Bridgette Tatum said she’s ready to perform at the July 17-18 Florida Keys Brew BQ festival in Marathon, no matter how hot it is compared to her home outside of Nashville. 

“I call it a ‘water weight’ show,” she said, laughing. “By the time I’m done performing, I’ll have lost all that water weight.”

Tatum wrote the 2009 country hit “She’s Country,” made famous by Jason Aldean. She has a ton of other hits, too, but she’s also a very talented and award-winning music producer. In 2019 and 2020, she was named best producer in the Nashville Industry Music Awards (NIMA). 

The Keys Weekly had a chance to speak with Tatum about her life, her successes and fishing. 

Here she is in her own words:

My feelings about “She’s Country” are mixed. I remember when I got the news that Jason Aldean had recorded the song and it all happened so fast — he was going to record the song, shoot a video and perform it at the Country Music Awards all in the space of a week. To be at the CMAs and be able to watch your song performed on the stage, that was pretty phenomenal. It was very exciting. I wrote the song to put “Cackalacki” in the lyrics but they came back and made us find a new line. South Carolina was staying no matter what so that’s where “Party all nighter from South Carolina” was put in its place! I’m grateful. God gave me something that has sustained us for years; the song still does its job. I look at the song from the perspective of a parent. I’m proud of that “kid” that grew up big. 

I got a rough deal as a kid, growing up in South Carolina. But I was well taken care of by my “other” father Jesus Christ. I got my start in gospel music in South Carolina. I was inspired by a local gospel band and Jerry Reed & Roger Miller. When I was 15, my grandmother bought two guitars at a yard sale. She gave my cousin the better guitar because she didn’t think I would be as serious about music. I thought, “Really?” We had enough money for two guitar lessons. I learned how to play Fleetwood Mac’s “Landslide,” and took it from there. 

When I was still a teenager, I spent the day with a cowboy from Texas, a friend of my mother’s. To this day, I don’t think he knows what a massive influence that day had on my life. I rode a horse, I met bow-legged cowboys and listened to his mixtape of Clint Black and Garth Brooks. Brooks’ “If Tomorrow Never Comes” changed my vision of songwriting which I had already been doing for years.


Right now I’m finishing some production work on Dave McElroy’s single “Vibin’” that is set to come out soon. (McElroy is best known for his hit “Trucker Hat.”) I’m working with various new artists like Priscilla Block and Ashley Cooke that suddenly blew up on Tik-Tok during the pandemic. The new wave of artists coming through are pretty cool and interesting.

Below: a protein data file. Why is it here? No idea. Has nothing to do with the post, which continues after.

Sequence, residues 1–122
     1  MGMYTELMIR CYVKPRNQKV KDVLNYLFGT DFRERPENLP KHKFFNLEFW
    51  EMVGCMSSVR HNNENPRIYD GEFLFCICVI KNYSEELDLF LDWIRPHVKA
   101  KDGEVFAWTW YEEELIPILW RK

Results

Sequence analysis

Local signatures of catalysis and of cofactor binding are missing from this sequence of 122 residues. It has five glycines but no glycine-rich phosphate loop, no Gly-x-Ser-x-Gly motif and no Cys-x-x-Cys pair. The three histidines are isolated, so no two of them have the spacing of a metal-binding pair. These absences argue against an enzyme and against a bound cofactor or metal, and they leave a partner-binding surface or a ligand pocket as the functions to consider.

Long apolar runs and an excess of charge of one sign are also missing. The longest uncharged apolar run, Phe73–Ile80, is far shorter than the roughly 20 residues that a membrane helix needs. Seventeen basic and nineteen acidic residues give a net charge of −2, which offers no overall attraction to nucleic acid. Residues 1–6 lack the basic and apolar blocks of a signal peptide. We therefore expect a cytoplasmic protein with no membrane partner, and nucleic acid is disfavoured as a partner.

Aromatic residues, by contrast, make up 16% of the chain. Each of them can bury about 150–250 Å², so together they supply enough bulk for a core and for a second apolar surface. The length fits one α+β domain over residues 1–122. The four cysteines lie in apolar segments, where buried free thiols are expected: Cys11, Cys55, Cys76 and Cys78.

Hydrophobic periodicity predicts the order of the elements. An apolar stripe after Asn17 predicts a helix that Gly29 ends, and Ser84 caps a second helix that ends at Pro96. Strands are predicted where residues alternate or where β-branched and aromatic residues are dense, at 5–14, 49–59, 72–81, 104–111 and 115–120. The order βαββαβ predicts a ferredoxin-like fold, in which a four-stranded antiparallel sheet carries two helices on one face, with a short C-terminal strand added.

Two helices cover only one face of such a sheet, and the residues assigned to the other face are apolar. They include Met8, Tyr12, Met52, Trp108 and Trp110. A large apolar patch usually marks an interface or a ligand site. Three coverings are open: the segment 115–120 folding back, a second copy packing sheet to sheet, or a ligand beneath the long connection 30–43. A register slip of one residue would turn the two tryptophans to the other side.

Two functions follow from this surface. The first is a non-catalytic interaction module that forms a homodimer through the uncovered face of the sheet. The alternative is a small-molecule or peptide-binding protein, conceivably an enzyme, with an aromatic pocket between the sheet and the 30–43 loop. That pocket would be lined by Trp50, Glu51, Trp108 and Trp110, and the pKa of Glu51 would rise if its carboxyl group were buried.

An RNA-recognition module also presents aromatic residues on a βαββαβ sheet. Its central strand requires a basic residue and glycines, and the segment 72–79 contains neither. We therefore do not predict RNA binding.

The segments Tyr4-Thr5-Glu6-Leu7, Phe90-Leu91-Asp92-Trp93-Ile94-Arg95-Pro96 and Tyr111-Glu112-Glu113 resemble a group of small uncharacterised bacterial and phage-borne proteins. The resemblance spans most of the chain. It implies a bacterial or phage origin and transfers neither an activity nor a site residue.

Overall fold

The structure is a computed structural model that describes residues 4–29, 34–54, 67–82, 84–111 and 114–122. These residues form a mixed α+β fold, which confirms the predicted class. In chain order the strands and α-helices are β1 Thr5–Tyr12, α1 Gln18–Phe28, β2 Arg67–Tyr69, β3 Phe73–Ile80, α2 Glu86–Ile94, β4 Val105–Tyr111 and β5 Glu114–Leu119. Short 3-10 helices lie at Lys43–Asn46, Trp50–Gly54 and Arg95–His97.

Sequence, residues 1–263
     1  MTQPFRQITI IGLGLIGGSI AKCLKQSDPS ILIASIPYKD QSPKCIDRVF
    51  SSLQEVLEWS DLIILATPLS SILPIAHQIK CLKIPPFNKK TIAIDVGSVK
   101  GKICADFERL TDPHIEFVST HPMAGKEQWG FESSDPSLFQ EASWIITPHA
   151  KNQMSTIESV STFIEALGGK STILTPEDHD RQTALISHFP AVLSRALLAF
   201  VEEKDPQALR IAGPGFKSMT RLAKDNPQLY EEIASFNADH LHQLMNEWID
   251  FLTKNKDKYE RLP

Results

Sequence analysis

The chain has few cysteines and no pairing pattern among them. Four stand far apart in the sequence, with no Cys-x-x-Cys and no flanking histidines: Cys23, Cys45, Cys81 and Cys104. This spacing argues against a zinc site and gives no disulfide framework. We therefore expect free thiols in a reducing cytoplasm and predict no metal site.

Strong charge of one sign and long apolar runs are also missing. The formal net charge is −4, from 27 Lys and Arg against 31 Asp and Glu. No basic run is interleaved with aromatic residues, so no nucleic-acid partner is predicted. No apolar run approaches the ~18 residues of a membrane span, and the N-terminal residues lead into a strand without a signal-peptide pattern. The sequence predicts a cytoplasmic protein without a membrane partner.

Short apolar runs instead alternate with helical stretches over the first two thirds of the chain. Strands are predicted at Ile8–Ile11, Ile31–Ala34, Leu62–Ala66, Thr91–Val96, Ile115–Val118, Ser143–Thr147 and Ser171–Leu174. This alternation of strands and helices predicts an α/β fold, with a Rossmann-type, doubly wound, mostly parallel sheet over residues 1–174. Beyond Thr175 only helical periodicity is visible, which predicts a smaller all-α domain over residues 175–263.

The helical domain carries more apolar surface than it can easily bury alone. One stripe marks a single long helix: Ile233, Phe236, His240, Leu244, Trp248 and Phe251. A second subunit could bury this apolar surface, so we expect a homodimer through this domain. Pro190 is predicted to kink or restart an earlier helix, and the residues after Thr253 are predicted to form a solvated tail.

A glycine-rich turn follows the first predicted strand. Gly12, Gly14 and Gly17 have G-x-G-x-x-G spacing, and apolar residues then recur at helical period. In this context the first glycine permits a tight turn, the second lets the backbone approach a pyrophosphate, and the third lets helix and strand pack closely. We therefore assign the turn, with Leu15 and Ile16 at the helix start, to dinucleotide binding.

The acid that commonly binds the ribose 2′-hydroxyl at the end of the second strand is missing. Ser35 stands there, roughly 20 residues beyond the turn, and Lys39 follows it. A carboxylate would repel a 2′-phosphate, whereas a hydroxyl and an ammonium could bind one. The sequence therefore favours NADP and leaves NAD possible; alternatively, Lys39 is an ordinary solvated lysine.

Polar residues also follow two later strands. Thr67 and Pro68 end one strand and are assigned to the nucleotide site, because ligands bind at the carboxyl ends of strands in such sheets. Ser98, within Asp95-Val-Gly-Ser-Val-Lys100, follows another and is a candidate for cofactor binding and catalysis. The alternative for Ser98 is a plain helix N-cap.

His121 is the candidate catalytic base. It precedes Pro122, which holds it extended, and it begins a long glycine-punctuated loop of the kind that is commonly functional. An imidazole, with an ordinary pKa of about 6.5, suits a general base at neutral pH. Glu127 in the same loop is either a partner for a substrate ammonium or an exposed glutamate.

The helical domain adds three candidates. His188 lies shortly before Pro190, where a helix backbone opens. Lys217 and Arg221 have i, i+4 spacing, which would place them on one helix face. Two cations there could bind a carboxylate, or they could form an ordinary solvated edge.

I am very proud of my NIMA awards. There’s not enough females in this business. A lot of women in Nashville are over in the corners, and I want them to know they are way more capable. I want them to see my wins, and realize they can do it too. Women can absolutely do that and more. 

The dream was never music; that was always going to be my job. The dream was watching my horses out in a field. I have been blessed that God lets me live here on this farm outside of Nashville. I’ve been putting it back together a little bit at a time. I am living inside my dream. I have two horses — Buttermilk and Jack. They’re both boys and sweethearts. 

People have asked me, if you could only play one more song, I would pick my “Hold On To Me.” It’s closer to my gospel root for sure. Lots of people respond to that song, but every song has a purpose. They break your heart, heal your heart, make you dance or make you raise a beer. They all do different jobs. 

I love fishing. I love it, love it, love it. I can’t wait to go fishing in the Florida Keys. I love being out in the middle of the ocean. You don’t need your phone. It’s you and the sky and the water and whomever is on the boat. There’s nothing like catching just what we need and taking it somewhere they’ll cook it for you. That’s some good eating right there. That’s a good day.

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Sara Matthis thinks community journalism is important, but not serious; likes weird and wonderful children (she has two); and occasionally tortures herself with sprint-distance triathlons, but only if she has a good chance of beating her sister.